Josh: Look a fire ball!
    Jason: Thats nice
    Josh: HADOKEN! Yeah, bam. Look chris I can do a hadoken!
    Chris: How do you do that!
    Josh: it's my secret tech, you're going to have to learn it yourself!
    *1 weeks later*
    Look, mitsurugi so SO much better then Ivy, he has a samurai sword, SLASH SLASH
    *2 weeks later*
    Link is better then marth
    *3 weeks later*
    Ky is better then everyone*
    ... And so on
    (weeks increase thanks to more unlockables)

    I think by these quick excerpts from potential possibilities shows the point that an expert opinion doesn't work for everyone. Many expert opinions will attack a game for being to 'casual' which may well be what some people want. For instance Brawl is hated by a lot of people who want it to be, well, more then just a party fighter. Which it's bad at being, AS a party fighter for those who'd never take it seriously, it's a great game to play. Like mario party isn't all that great as a serious game, but no ever tried to make it one (I hope)

    You need an opinion to match the audience. That means if you are reviewing for male 17 year old idiots with no taste in games, then to recommend something to them, you must forgo your taste and intellect, and then look at how good Tomb raider is for those people.
  21. FinalSlayer

    FinalSlayer Banned

    What an incoherent mess of a post, link.

    You could have just said, "when you say best product, from whose consumer perspective were you talking about?"

    Which, if you'll read, was the EXACT SAME THING I've written my last five posts about. I know you're not an idiot, but honestly, read more carefully next time.
  22. elliott20

    elliott20 Member

    Except those DO serve a market, namely, they accessorize and build off of the movies. Sure, they were not GOOD games, but their success has little to do with quality and everything to do with the franchise synergy. Though, I would hesitate to say that they were huge successes. (I'll have to find some numbers on that.)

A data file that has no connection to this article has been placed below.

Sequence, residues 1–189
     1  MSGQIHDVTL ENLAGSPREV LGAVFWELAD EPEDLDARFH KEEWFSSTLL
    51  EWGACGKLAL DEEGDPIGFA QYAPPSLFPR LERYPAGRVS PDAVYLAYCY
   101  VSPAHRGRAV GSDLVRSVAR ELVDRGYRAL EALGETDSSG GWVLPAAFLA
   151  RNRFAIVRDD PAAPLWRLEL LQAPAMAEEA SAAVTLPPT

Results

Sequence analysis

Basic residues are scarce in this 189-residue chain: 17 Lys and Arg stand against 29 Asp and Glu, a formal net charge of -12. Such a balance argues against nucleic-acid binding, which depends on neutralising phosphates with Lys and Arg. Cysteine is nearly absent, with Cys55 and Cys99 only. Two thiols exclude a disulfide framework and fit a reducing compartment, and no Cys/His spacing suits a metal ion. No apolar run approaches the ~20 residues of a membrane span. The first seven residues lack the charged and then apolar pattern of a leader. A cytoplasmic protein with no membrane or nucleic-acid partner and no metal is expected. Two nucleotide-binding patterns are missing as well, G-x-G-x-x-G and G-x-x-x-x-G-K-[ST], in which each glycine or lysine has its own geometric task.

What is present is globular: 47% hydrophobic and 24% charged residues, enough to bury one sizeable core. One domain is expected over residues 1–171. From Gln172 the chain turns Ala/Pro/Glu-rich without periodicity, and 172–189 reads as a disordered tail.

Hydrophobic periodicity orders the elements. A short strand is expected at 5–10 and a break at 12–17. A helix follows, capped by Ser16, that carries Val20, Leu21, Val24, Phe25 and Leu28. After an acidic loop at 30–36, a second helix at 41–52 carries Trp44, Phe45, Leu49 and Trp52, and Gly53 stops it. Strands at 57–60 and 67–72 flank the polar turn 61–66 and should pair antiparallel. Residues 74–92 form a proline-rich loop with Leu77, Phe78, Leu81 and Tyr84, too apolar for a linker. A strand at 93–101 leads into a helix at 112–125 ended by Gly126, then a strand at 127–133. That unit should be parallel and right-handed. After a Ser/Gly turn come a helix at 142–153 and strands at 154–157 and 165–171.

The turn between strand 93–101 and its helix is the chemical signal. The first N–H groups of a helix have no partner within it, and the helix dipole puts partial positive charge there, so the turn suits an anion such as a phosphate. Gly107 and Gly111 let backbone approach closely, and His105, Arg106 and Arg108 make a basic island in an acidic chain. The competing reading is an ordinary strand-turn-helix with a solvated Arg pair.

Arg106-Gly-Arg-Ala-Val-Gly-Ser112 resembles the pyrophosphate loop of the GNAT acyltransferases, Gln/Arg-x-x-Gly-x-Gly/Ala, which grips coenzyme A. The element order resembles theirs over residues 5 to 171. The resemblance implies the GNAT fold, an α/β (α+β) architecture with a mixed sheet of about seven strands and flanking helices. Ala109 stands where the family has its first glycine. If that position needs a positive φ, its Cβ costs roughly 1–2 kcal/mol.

23. Teh_Shadrin

    Teh_Shadrin New Member

    This is easily solved by getting the opinion of more than just a pro gamer. You could get a variety of different opinions from various sources. If you were doing a website, you could have a feature where users would be able to rate the reviewers on how much they agree and disagree with them, and the recommendations would change to accommodate that.
  24. 2000 IQ Killjoy Gamer link6616

    2000 IQ Killjoy Gamer link6616 Well-Known Member

    With that though, you would need to identify what sort of user they are. Otherwise you'd just be dishing out the top X user rated games of game rankings per genre
  25. Teh_Shadrin

    Teh_Shadrin New Member

    I think I know what you're saying, but I'm not quite sure, and I think you misunderstood me.

    A specific user could rate how much they agree/disagree with the expert reviewer, then for that specific user, it would weight the reviewers scores differently. It wouldn't effect the rest of the community
  26. FinalSlayer

    FinalSlayer Banned

    Right...and when did I write that they didn't?

    What games? Did you even read my post? I named several books and movies. No games.

    I think maybe this is where you got confused. Also, "synergy" is probably the single most misused word when people are trying to sound smart. And unfortunately, your post was no exception.